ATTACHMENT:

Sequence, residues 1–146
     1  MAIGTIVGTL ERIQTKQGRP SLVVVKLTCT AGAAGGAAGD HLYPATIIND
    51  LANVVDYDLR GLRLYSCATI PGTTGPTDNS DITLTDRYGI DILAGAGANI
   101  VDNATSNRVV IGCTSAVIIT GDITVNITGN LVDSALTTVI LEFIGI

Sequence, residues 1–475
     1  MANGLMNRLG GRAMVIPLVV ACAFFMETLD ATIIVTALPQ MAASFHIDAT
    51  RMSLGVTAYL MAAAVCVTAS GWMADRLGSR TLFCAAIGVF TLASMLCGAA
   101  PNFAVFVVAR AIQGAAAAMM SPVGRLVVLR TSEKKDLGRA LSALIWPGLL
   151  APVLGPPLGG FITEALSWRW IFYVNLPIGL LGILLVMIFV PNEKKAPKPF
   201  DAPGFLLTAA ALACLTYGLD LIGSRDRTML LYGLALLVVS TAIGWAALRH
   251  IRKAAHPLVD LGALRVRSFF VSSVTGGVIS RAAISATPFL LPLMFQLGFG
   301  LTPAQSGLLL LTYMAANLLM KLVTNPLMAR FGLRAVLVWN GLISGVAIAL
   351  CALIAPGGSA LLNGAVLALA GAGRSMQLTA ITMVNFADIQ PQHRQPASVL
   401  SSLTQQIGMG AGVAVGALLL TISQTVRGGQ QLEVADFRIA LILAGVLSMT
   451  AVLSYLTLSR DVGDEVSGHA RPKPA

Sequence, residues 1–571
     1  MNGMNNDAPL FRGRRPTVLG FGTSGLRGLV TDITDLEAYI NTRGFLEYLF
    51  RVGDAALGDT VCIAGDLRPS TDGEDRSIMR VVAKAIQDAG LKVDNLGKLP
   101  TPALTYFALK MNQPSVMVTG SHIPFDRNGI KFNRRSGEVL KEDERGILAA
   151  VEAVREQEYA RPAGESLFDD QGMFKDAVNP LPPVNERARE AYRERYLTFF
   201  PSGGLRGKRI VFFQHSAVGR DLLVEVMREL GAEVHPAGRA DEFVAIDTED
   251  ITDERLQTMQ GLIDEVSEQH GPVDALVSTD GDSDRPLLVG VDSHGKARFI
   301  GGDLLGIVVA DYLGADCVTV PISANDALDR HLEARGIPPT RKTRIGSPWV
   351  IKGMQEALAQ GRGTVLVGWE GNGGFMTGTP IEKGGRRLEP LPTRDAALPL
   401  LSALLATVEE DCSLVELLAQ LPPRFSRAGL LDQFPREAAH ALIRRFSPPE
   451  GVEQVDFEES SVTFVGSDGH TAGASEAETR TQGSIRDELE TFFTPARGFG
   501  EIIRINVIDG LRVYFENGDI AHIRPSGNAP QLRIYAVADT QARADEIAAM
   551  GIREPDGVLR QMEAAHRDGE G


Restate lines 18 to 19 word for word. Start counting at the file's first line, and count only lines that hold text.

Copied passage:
    51  RVGDAALGDT VCIAGDLRPS TDGEDRSIMR VVAKAIQDAG LKVDNLGKLP
   101  TPALTYFALK MNQPSVMVTG SHIPFDRNGI KFNRRSGEVL KEDERGILAA